Zero-emissions vehicle development has never focused purely on off-the-line acceleration. So when a research executive with Mercedes-Benz parent Daimler says it's Okay that companies like Toyota and Hyundai will have a head start selling hydrogen fuel-cell vehicle, it's somewhat believable. But is Daimler really fine with being two years behind? It appears so.

Daimler plans on debuting its first fuel-cell vehicle in 2017, Automotive News says, citing an interview Automobilwoche had with Daimler's corporate research chief Herbert Kohler. The German automaker estimated about a decade ago that it would be able to get fuel-cell production costs down to an "acceptable" level in 2012, but it turns out that estimate was about five years too aggressive. Daimler originally started leasing out a limited number of its F-Cell hydrogen vehicles in the US for $849 a month, though later brought that down to $599 a month.

Daimler says it received a boost in its effort to accelerate fuel-cell powertrain development when it reached an agreement early last year with Nissan and Ford to work together on speeding up relevant powertrain technology. While Toyota's first fuel-cell vehicle in Japan is priced at almost $70,000 (before big government incentives kick in), Kohler says Daimler's first fuel-cell vehicle will be priced similar to a hybrid vehicle. Of course, that's a Mercedes-Benz hybrid we're talking about here, but still.


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  • 56 Comments
      jwfilippi
      • 5 Months Ago
      Video (Someone took down the video but the article still there) below of what is happening in California at municipal wastewater treatment plants using fuel cell technology to produce 3 value streams of electricity, hydrogen and heat all from a human waste! This is pretty impressive in my opinion for hydro-refueling infrastructure. "New fuel cell sewage gas station in Orange County, CA may be world's first" http://abclocal.go.com/kabc/story?section=news/local/orange_county&id=8310315 "It is here today and it is deployable today," said Tom Mutchler of Air Products and Chemicals Inc., a sponsor and developer of the project. 2.8MW fuel cell using biogas now operating; Largest PPA of its kind in North America http://www.fuelcelltoday.com/news-events/news-archive/2012/october/28-mw-fuel-cell-using-biogas-now-operating-largest-ppa-of-its-kind-in-north-america Microsoft Backs Away From Grid http://blogs.wsj.com/cio/2012/11/20/microsoft-backs-away-slowly-from-the-grid/ Hyundai "Tuscon" Fuel Cell Vehicle $499 per month w/ Free Fuel & Free Maintenance from Hyundai!!! (pure water for exhaust) https://www.hyundaiusa.com/tucsonfuelcell/ Toyota joins California Hydrogen Push in Station Funding - Bloomberg http://www.bloomberg.com/news/2014-05-01/california-awards-46-6-million-for-hydrogen-car-stations.html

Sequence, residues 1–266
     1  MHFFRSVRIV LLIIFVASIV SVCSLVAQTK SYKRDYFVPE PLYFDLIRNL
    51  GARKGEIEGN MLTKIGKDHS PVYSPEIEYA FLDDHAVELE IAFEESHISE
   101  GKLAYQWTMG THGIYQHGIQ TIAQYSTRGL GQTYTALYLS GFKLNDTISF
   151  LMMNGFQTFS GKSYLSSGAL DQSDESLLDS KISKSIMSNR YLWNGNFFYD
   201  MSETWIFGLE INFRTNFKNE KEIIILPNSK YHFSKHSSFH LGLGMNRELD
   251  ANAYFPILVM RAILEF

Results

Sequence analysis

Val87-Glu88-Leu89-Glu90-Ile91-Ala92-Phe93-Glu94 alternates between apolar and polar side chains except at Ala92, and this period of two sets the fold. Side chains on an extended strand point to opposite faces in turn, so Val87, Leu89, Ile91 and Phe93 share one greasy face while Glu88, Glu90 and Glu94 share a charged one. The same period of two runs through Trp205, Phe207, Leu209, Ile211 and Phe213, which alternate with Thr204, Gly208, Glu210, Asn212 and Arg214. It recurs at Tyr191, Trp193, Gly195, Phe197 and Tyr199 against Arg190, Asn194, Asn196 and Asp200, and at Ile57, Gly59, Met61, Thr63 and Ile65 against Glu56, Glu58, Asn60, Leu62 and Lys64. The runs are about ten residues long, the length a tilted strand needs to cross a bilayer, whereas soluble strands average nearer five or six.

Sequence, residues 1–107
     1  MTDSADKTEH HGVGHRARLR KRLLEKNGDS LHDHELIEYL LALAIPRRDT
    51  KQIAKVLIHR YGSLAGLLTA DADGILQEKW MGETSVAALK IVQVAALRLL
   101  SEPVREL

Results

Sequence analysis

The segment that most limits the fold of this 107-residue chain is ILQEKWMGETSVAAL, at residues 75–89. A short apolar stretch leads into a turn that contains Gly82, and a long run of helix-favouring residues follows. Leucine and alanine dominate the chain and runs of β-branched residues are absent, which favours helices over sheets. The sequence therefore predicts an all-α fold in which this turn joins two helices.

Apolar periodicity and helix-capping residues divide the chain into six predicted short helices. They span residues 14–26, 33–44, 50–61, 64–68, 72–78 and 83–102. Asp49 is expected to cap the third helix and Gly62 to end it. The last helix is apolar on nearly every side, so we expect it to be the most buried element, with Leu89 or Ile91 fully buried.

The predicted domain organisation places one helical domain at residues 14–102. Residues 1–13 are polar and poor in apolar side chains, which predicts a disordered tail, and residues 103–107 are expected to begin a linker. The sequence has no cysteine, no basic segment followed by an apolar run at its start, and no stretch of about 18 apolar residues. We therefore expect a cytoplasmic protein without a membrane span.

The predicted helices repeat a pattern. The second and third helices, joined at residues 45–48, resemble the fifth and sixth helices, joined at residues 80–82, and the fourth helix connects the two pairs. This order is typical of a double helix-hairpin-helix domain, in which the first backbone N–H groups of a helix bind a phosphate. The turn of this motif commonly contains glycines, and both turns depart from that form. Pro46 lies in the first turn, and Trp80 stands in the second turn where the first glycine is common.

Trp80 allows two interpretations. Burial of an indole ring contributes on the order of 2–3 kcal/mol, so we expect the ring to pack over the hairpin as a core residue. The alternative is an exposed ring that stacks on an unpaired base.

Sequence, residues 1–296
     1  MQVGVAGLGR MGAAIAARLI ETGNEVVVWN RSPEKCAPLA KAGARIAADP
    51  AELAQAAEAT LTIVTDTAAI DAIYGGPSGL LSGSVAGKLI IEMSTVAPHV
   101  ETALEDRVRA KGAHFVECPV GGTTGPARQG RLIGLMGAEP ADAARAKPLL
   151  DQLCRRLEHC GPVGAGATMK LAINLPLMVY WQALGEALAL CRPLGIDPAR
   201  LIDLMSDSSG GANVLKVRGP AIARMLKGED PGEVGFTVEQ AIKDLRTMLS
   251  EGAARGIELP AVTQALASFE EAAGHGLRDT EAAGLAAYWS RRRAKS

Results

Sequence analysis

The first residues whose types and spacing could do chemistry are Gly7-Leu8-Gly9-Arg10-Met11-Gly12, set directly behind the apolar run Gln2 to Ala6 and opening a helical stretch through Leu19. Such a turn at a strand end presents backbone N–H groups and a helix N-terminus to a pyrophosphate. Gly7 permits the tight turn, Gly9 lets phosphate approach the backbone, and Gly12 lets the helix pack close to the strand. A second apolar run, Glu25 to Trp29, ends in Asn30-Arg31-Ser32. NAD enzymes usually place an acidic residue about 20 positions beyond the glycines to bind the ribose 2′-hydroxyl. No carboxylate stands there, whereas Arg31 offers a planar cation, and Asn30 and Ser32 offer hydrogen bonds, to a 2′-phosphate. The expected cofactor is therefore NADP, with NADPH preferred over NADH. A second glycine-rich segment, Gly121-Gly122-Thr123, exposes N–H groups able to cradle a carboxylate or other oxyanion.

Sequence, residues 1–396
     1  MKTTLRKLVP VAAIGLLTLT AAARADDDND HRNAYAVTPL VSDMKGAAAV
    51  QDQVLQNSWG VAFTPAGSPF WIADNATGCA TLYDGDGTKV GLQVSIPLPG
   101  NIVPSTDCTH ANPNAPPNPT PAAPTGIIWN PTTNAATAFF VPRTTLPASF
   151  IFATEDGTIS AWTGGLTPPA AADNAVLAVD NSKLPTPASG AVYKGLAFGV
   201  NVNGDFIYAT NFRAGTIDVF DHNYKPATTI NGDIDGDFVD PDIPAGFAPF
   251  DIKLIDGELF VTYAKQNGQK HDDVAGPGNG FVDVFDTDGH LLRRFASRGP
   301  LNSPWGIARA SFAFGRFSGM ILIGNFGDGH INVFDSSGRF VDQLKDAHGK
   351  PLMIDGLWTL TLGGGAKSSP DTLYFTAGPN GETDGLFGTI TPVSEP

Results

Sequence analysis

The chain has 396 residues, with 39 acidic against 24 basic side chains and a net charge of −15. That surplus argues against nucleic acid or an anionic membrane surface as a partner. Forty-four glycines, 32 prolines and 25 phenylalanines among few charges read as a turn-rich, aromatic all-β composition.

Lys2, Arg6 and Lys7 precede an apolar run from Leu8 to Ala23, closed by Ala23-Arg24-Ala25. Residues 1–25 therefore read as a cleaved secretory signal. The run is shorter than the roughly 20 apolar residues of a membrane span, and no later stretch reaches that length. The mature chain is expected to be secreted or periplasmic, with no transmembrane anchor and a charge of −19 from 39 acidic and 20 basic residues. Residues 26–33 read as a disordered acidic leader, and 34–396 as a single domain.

PeterScott
      • 5 Months Ago
      In contrast with the dificulty and enormouse subsidies it will take attempting to intiate/sustain FCV usage, NG vehicles seem to be reaching a tipping point: http://www.justmeans.com/node/58693 Big Diesel fleets are giving way to NG powered fleets. This is happening because unlike H2, NG is actually economically viable. Bus Fleets, Refuse Trucks, Cement Trucks and Long Hauls trucking fleets are switching, because the fuel is widely avaialable in more competetively priced than diesel. They actually save money switching. The constant refrain about the need for Hydrogen for big Diesel Repacements and Long haul trucking, rings hollow when those are already converting in large part to NG (the H2 feedstock). It is hard to imagine how FCVs will win back this market, with a more expensive vehicles, running on a more expensive fuel that is harder to store, and harder to transport and requires yet more expensive infrastructure. Hydrogen remains a utopian dream, where advocates cite claims about the future after the H2 infrastructure is already built, after the vehicles have already reached large scale mass production and all the costs are already driven down through massive economies of scale on all fronts. But what actually gets used, is what works and what is economical today. There is no getting to the magic H2-FCV endgame unless there is a real case for it today and unlike NG, there isn't that case for H2. There simply won't be enough subsidy dollars to compete with solutions that can stand on their own merits to build the H2 utopian endgame.
      Pancakes
      • 5 Months Ago
      I've seen the production of hydrogen from gas, it's extremely clean since you also get hydrogen from the gas. Of course, elecrolysis of water is also possible. Anyway, hydrogen cars are truly the future, all we need is the infrastructure now.